ee

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Mancman 9th Dec '11 16 of 62
1

If there are treaties in existene which protect the city, then what was/is all the fuss about, why did Cameron need to ask for "quite modest" assurances? I am far from an expert in these matters, but I suspect that past treaties cannot ultimately protect the city.

As for the Scots, I never underestimate their dislike of the English and the ability of Salmond, the smartest political operator in the UK by a wide margin, to revive the auld alliance with France!

Interesting times indeed. The tectonic plates are shifting in Europe and the world. It is I think impossible to predict where we shall be in a decade.

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emptyend 9th Dec '11 17 of 62
3

In reply to Mancman, post #16

If there are treaties in existene which protect the city, then what was/is all the fuss about, why did Cameron need to ask for "quite modest" assurances? I am far from an expert in these matters, but I suspect that past treaties cannot ultimately protect the city.

Because the new proposal from Merkosy was that there should be a Tobin Tax on financial transactions - and the UK won't agree to that (because UK institutions would be paying c. 50% of all tax received in the EU, effectively raising our EU contribution still further, whilst depleting our domestic tax base by the same amount!). a Tobin Tax globally (to include the Swiss and the USA) would be more palatable - but Obama wouldn't agree to that either.

Past treaties work well enough.

As you say though, it raises the uncertainty level for some years to come - though I'd expect that period of uncertainty to be 3-5 years rather than 10.

ee

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repobear 9th Dec '11 18 of 62
1

In reply to emptyend, post #17

Just a couple of comments.

I expect Greece to pull out of the euro eventually because the austerity measures will squeeze economic activity even more. To get the economy up and running they'll have to quit the euro and bring the Drachma down to a level from where they can compete. There is no otherway out for them I'm afraid to say.

How long it will take them to reach that decision I wouldn't know but would hazard at guess at between one and two years. There will be pressure to keep them in place for now until Italy and the like can bring their economies into a slightly better shape and the fiscal union can be nailed down a bit more.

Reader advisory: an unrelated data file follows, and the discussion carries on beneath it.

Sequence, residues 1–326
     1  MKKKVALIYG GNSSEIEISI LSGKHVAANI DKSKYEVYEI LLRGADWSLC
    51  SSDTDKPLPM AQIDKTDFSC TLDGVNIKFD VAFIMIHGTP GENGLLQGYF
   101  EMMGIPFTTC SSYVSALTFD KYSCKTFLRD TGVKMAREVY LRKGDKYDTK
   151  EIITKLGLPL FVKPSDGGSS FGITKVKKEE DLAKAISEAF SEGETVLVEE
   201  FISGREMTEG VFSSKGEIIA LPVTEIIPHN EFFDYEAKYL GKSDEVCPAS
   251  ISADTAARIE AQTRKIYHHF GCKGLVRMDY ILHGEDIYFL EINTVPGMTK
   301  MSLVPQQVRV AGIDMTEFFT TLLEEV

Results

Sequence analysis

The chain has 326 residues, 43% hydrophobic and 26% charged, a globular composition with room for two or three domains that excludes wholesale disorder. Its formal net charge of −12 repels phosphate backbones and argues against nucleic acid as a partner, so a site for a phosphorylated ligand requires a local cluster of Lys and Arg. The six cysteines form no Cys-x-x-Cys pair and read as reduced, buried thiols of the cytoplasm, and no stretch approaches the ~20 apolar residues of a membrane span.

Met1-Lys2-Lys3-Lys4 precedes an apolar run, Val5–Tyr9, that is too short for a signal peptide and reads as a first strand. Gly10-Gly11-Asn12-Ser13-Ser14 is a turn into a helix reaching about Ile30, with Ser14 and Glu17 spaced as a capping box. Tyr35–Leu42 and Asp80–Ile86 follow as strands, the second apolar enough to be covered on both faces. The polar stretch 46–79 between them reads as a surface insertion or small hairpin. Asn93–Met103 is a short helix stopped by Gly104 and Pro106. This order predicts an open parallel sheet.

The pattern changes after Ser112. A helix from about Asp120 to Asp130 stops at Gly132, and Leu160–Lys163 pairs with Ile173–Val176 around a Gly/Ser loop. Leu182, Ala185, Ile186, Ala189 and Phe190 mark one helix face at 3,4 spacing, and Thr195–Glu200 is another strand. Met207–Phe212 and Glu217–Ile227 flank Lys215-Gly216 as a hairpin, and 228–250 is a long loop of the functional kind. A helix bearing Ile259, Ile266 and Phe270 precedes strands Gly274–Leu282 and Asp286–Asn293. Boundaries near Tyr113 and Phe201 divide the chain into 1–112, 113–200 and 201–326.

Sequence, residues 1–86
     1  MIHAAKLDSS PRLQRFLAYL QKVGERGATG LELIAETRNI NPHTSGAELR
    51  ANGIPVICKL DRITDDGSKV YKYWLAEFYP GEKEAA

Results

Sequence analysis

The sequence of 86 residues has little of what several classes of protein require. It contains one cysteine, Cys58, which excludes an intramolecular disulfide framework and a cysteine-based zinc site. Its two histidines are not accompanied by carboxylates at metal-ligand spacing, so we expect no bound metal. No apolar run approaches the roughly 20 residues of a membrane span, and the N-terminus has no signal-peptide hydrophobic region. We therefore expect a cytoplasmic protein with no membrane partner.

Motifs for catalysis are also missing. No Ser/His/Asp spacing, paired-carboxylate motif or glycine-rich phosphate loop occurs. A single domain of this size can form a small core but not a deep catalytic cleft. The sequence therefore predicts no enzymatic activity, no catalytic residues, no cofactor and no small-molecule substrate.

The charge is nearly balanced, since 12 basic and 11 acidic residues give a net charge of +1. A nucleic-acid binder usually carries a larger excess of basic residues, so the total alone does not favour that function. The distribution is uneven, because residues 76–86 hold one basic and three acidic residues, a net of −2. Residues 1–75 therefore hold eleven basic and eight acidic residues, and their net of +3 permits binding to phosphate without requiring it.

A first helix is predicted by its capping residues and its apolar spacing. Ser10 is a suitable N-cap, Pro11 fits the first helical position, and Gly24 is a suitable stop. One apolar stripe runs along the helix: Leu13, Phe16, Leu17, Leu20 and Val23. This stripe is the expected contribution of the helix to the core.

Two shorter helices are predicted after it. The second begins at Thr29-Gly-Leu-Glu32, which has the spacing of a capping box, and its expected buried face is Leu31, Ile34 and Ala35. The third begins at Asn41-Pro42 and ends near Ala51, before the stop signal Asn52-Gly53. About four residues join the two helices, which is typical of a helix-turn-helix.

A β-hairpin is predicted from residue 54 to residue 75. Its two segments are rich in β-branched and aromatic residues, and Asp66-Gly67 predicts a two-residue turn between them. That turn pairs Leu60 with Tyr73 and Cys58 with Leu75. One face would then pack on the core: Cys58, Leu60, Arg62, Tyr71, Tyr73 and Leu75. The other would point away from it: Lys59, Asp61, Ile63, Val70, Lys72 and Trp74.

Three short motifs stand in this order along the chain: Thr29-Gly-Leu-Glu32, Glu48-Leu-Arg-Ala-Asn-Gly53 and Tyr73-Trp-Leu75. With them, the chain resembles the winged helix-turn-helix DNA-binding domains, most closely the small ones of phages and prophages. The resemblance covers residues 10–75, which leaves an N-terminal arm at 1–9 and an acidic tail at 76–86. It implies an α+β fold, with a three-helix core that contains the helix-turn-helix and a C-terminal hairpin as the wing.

Further down the track the same questions will be asked of Portugal and Spain and perhaps Italy. However Italy could be one of the stars of the EU if they grasped the nettle and reformed all their outdated practices. Perhaps a few stiff measures of German discipline will work wonders for them.

As regards the UK. It's a mess despite the incredible talent and resourcefulness of many people living there. If the position of London is undermined there will be serious trouble ahead. Moreover I fear the incredibly stupid electorate will put Labour back in charge, with a mandate to spend its way out of trouble.The UK faces being cut adrift from Europe, but that could yield some very positive outcomes, because the focus will turn to the BRIC countries and the other emerging economic powers.

My youngest daughter has just got her first job working for a turnaround/corporate recovery specialist in Manchester. I expect her to be busy over the next few years and the banks probably won't have too many options on keeping the walking corporate dead alive for as long as they might want to.

It's pretty scary really.

repo


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salty64 9th Dec '11 19 of 62
1

In reply to emptyend, post #10

Nice interview ee:

 http://www.terrysmithblog.com/straight-talking/2011/12/bbc-radio-4-today-programme-09-december-2011.html


I keep wondering what sanctions the EZ will be able to impose to defaulters or if they will ever be in the position to start playing their new game.  They are changing the game before starting the second one.  Good on them to try to  save the Eurozone.  That most others rushed to join the failed enterprise amazes me.

 

 

 

 

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tournesol 9th Dec '11 20 of 62
4

In reply to repobear, post #18

Repo

"...As regards the UK. It's a mess...."

Compared to what/where exactly?

"...Moreover I fear the incredibly stupid electorate will...."

Compared to whom exactly?

Considering you live in Belgium - birthplace of Mr van Rompuy - who has signally failed to make any contribution whatsoever to solving the problems faced by Europe/Eurozone - and where it has taken 541 days of negotiation to form the recently announced government (yes folks, Belgium has been without a government during the past 18 month - still it's not as if there was anything urgent needing attention is it?) I find it astonishing that you slag off the UK. Would you prefer us to be more like the Belgians? the Greeks? the Italians?  (voting for Berlusconi, now there's incredibly stupid for you), the Spanish? the Irish?

We may well have our faults - slagging off our own country being one of the most irritating - but it seems to me we have a lot of strengths and overall rate pretty highly compared with most other countries/people. I've lived/worked in 25 countries and travelled for pleasure in another 40 or so. Out of all those there are only a tiny number I'd want to live in,and that's not because of the intellect of the inhabitants.

I think you are too fond of Belgian Waffles.